Negligence, Employer's liability.
In an action by a woman employed as a car cleaner by a corporation owning and maintaining passenger cars used by being attached to trains operated by railroad corporations, against her employer, for personal injuries sustained while the plaintiff was engaged in cleaning the interior of a car of the defendant standing in a railroad yard, the plaintiff was the only witness upon the question of the defendant's liability. It was assumed by this court that her testimony warranted a finding that when she entered the defendant's employ, one week before, it was understood and agreed that she should be warned when a coupling was to be made. The plaintiff testified that while she was working in the car "an awful crash came and threw" her, that things were overturned and "the car was moved four or five or perhaps ten feet." There was no further explanation of the accident. Held, that there was nothing to show that the accident was caused in making a coupling, or to show what caused the "crash" as the plaintiff described it, or to show that it happened under such circumstances as to entitle the plaintiff to a warning; so that there was no evidence for the jury of negligence on the part of the defendant.
TORT by a woman employed as a car cleaner by the Pullman Company, a corporation owning and maintaining passenger cars used by being attached to trains operated by railroad corporations, against her employer for personal injuries sustained while the plaintiff was engaged in cleaning the interior of a car of the defendant standing in a railroad yard in that part of Boston called Charlestown on December 18, 1907. Writ dated March 24, 1908.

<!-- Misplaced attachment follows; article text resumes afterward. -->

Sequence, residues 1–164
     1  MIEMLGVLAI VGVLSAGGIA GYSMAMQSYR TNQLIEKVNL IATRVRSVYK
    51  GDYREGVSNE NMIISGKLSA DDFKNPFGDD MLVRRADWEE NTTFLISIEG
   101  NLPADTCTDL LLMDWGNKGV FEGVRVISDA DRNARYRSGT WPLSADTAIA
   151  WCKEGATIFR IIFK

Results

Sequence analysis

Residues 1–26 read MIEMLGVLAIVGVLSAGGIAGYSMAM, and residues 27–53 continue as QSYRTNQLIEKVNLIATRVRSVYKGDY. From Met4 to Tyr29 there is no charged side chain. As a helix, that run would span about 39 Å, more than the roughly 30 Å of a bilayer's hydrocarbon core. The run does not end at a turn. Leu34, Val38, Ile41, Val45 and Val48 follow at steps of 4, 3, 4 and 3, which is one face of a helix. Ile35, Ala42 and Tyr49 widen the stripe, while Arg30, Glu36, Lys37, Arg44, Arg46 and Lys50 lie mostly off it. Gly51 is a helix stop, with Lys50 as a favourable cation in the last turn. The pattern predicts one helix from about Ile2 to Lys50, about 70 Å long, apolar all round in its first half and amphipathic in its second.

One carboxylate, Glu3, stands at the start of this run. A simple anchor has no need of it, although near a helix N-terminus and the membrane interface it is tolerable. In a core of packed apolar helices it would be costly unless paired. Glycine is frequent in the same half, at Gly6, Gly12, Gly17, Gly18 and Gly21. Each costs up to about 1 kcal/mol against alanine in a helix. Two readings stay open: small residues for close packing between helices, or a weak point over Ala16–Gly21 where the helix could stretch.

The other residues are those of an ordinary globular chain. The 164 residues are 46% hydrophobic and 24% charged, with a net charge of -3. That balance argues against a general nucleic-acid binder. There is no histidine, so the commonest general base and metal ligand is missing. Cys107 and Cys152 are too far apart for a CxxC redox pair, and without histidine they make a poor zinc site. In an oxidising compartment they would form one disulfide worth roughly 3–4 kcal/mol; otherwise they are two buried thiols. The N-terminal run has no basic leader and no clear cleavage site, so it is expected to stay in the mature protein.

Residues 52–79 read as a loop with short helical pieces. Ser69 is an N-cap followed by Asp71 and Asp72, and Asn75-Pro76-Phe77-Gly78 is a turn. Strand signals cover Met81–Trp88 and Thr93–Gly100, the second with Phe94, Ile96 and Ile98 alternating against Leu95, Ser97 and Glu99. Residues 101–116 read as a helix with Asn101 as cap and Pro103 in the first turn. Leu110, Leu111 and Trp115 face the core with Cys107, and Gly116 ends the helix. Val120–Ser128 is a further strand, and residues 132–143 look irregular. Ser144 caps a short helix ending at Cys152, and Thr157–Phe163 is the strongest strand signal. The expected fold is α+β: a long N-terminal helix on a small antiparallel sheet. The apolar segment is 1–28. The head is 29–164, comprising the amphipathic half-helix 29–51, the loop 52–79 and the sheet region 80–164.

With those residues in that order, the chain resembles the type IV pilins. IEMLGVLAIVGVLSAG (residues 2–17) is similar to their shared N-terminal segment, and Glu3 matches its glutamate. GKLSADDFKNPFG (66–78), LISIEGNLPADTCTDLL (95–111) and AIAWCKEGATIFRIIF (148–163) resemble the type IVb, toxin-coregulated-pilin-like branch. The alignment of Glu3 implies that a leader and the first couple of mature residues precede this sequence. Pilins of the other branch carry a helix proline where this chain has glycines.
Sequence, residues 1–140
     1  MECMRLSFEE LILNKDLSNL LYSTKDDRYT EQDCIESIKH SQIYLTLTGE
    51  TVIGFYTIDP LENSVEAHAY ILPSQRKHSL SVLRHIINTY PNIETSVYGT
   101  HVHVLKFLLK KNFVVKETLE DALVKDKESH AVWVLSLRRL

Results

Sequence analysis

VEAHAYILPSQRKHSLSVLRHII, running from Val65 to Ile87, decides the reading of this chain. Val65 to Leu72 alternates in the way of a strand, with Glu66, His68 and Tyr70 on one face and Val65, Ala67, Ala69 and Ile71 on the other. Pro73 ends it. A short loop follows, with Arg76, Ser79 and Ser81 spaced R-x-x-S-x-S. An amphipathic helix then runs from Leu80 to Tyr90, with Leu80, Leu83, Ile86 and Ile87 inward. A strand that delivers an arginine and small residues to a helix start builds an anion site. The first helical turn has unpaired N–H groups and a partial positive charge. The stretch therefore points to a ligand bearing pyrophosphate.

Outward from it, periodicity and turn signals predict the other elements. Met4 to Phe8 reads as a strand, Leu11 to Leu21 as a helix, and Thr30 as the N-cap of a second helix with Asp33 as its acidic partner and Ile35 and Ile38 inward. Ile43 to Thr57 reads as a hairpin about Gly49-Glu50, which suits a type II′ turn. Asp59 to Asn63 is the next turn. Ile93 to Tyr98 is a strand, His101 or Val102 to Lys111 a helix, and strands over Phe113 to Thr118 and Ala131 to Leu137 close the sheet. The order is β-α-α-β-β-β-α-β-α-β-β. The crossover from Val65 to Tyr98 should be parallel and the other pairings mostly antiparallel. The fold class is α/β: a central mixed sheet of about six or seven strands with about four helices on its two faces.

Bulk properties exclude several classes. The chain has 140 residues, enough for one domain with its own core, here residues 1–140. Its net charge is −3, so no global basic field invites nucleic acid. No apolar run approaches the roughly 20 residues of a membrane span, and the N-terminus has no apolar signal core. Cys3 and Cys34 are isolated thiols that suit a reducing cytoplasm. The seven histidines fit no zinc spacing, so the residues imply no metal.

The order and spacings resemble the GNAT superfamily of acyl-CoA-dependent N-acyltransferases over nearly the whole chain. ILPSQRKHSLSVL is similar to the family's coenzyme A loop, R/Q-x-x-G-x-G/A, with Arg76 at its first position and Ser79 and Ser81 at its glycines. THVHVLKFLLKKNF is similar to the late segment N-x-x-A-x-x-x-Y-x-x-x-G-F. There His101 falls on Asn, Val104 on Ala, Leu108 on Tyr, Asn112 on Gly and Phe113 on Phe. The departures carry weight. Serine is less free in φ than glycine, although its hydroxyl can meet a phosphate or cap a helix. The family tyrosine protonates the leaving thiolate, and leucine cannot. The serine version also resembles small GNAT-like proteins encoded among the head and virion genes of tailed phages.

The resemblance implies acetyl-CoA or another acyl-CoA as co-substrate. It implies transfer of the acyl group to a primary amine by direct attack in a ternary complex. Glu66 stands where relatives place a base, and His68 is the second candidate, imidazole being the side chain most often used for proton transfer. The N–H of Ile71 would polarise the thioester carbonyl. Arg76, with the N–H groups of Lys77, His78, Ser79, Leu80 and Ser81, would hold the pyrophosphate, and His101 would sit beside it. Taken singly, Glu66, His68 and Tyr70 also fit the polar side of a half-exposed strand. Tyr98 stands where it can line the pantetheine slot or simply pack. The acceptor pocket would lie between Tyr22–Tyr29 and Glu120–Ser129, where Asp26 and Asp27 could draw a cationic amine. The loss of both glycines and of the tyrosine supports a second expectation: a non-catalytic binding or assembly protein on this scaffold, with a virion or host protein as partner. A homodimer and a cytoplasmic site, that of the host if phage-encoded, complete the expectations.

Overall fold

In the Superior Court the case was tried before Bell, J. Upon the question of the defendant's liability the plaintiff was the only witness. She testified that at the time of the accident she had been working for the defendant exactly one week; that she had applied for her position to one Miss Oakley, whom she saw in the yard in one of the Pullman cars and to whom she had been directed to apply; that Miss Oakley hired her and agreed to pay her $1.25 a day. The plaintiff also testified that when she saw the cars moving back and forth she told Miss Oakley that she was nervous and that she thought it was dangerous and that she was undecided about taking the place; that Miss Oakley said, "There is danger in everything you do working, there is danger in your going to work, when you are working, why, you will be always notified if there is any danger, there is no danger in it"; and that on the strength of that she took the position. The plaintiff then was asked the question: "What had you observed which made you hesitate about taking the position because of its danger?" and answered, "Well, I noticed the cars; that is, the engine backed on to them, and I wondered if there was people working in them at the time and if there had been working wouldn't they get thrown or hurt." The plaintiff then testified that Miss Oakley said that when there was anything of that sort she would always be warned by the engineer or foreman or whomsoever had charge of the work in the cars; that she thereafter worked for some days; that there had been times when there was shifting and moving and taking on or off of cars; that on these occasions she had been warned, once by one Barber, who seemed to be in charge of the work and to assist Miss Oakley; that Miss Oakley had told her upon the first day that when she got out of work Barber would tell her what to do; that she had applied to him when she was through work; that he would go